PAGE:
Kleppe, 2005 here reported:
The author of this paper has discovered large trees rooted at a depth of 36.5 m (120′) below the existing surface level of Fallen Leaf Lake. Fallen Leaf is one of the major watershed areas for Lake Tahoe. Some of these trees measure over 30 m (98′) tall with a circumference of over 4.5 m (15′), which is an indication that they were over two hundred years in age when they died. The significance of this discovery is the fact that for these trees to be rooted below the surface of the lake, the lake must have been down at least 36.5 m for over two hundred years. ….The carbon dating of the raised tree samples indicated that the tree died in A.D. 1215 ± 40 years….
Evidence of these medieval droughts appears at many sites in and adjacent to the central Sierra, i.e., Mono Lake, Tenaya Lake, the West Walker River, Osgood Swamp (Stine, 1994), Fallen Leaf Lake (Kleppe and Norris, 1999; Kleppe, 2004), Lake Tahoe (Lindstrom, 1990), and Pyramid Lake (Benson and others, 2002). These recent studies of selected tree stumps rooted in present day lakes, marshes and streams, suggest that California’s Sierra Nevada experienced severe drought conditions for more than two centuries before 1112 A.D. and for more than 140 years before 1350 A.D. During these periods runoff from the Sierra was significantly lower than during any of the persistent “dry spells” that have occurred in the region over the past 150 years.
Here is a picture of a medieval tree recovered from Fallen Leaf Lake:
NAS panelist Franco Biondi, together with Kleppe and Scotty Strachan , has a 2005 poster entitled Underwater Dendrochronology of Sierra Nevada Lakes with the following nice picture of divers in 1990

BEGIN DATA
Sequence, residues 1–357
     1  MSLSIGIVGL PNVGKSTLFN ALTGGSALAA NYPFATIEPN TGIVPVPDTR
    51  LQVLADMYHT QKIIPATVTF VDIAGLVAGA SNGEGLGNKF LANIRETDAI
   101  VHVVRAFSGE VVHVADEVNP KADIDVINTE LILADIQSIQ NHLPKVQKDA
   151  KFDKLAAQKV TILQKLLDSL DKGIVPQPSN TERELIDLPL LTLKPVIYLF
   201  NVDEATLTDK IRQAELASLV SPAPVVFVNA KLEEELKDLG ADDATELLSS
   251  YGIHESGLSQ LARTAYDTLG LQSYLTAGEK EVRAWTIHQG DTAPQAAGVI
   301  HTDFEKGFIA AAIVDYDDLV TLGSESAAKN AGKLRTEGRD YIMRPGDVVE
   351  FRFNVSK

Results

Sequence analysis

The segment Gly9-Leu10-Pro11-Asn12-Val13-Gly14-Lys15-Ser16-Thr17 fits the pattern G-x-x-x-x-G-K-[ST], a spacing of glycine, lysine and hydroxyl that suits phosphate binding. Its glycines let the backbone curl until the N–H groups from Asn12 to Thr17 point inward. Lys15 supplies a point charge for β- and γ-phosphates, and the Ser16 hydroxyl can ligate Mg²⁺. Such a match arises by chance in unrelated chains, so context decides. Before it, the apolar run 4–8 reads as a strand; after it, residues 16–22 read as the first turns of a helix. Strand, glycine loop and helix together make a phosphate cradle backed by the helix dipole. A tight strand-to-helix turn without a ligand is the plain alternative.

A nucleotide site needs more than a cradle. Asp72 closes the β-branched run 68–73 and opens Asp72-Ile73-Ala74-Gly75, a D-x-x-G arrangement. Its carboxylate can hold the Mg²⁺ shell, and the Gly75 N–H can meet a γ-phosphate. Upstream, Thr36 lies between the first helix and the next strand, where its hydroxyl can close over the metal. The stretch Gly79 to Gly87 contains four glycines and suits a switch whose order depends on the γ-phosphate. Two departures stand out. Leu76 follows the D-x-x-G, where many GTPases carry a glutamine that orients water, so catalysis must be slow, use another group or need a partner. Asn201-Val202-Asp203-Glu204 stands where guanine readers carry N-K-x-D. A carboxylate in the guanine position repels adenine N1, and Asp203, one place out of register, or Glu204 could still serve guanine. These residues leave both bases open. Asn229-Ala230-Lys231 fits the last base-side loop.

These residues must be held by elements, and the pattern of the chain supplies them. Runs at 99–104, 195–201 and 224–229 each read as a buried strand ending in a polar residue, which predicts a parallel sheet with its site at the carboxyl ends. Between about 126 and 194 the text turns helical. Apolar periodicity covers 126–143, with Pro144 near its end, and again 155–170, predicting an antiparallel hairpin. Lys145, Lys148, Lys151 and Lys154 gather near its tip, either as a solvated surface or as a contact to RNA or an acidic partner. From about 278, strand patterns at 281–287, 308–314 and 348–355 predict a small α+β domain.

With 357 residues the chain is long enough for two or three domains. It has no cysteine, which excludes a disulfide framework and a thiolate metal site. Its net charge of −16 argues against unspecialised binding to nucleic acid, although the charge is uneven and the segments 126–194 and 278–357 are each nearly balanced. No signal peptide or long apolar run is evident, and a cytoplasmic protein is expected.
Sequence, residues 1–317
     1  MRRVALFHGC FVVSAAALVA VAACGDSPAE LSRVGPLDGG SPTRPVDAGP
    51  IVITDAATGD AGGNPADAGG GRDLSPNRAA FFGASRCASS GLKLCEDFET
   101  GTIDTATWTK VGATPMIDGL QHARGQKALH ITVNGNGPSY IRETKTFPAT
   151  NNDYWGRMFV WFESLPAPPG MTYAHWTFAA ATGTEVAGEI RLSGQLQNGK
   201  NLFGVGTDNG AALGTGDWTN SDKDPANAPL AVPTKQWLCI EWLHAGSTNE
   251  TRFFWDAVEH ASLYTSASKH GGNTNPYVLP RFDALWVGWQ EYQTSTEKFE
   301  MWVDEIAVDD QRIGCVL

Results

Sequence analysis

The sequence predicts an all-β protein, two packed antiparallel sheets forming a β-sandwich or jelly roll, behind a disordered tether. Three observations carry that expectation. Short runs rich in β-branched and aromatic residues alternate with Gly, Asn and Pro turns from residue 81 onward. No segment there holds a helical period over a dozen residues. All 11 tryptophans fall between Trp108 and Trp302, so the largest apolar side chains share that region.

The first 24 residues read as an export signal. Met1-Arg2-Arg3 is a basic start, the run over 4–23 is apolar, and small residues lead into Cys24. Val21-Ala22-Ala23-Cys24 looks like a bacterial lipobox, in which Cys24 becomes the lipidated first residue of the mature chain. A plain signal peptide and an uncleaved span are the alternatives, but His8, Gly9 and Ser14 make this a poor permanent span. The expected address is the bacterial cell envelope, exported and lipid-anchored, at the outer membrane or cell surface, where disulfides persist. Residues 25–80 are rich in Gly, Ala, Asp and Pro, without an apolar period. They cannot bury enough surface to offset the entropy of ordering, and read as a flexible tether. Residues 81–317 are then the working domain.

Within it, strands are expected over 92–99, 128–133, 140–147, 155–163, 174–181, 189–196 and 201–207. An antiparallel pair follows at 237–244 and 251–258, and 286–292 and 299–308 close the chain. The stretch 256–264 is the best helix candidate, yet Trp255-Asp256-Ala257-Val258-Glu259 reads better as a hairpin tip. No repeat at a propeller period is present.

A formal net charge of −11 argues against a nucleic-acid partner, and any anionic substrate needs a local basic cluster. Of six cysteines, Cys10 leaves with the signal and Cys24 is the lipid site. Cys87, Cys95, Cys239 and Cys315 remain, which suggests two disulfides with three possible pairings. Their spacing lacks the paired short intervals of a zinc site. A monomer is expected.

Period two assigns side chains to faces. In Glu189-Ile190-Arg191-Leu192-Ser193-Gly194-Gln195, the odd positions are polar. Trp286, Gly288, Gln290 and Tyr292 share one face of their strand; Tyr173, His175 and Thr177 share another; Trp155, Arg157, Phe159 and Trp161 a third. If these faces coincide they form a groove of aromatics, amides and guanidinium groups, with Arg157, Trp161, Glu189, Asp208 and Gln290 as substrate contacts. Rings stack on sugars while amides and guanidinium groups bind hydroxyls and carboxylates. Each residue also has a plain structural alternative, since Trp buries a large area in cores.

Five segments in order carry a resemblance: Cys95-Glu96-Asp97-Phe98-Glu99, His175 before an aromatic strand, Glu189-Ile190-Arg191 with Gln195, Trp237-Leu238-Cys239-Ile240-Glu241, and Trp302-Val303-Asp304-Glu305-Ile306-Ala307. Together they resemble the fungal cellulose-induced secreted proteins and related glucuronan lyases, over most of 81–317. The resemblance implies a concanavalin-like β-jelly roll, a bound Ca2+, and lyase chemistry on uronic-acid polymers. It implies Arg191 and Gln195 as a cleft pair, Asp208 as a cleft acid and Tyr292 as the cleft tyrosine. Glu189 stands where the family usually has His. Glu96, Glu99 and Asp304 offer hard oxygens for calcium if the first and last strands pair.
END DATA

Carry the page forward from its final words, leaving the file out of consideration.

The master chronology was formed by a total of 22 series from 16 different trees, and spanned the period AD 543-2003, or 1461 years, with sample depth à⣃¢’¬°à⣠3 series from AD 654.. For dendrochronological dating, we developed a western juniper (Juniperus occidentalis) reference chronology that spans the period from AD 543 to 2003. One underwater sample, i.e. a branch cross section cut from a standing tree, was crossdated with the master chronology for the period AD 1085-1153.
Obviously there have been a lot of hydrological changes in the Sierra Nevadas since the MWP.
JOHN A. KLEPPE, ,2005. A study of ancient trees rooted 36.5 m (120′) below the surface level of Fallen Leaf Lake, California Journal of the Nevada Water Resources Association http://www.ee.unr.edu/downloads/nwra2005No3.pdf
P.R.Caterino, 2000. RECONSTRUCTING ANCIENT AVALANCHES OF THE SIERRA NEVADA RANGE. http://www.avalanche.org/~moonstone/ISSW%2098/caterino.htmLindstrom, Susan G. 1985. Archaeological investigations at Tallac Point (CA-ELD-184). U.S.F.S, LTBMU, South Lake Tahoe.
Lindstrom, Susan G. 1990. Submerged Tree Stumps as Indicators of Mid-Holocene Aridity in the Lake Tahoe Region. Journal of California and Great Basin Anthropology. 12(2):146-157. Malki Museum. Banning
Franco Biondi, John A. Kleppe, and Scotty Strachan 2005 Underwater Dendrochronology of Sierra Nevada Lakes http://woods.geography.unr.edu/Posters/FallenLeafLakePoster.pdf
Ccott Stine, 2001. The Great Droughts of Y1K, Sierra Nature Notes 1 http://www.yosemite.org/naturenotes/paleodrought1.htm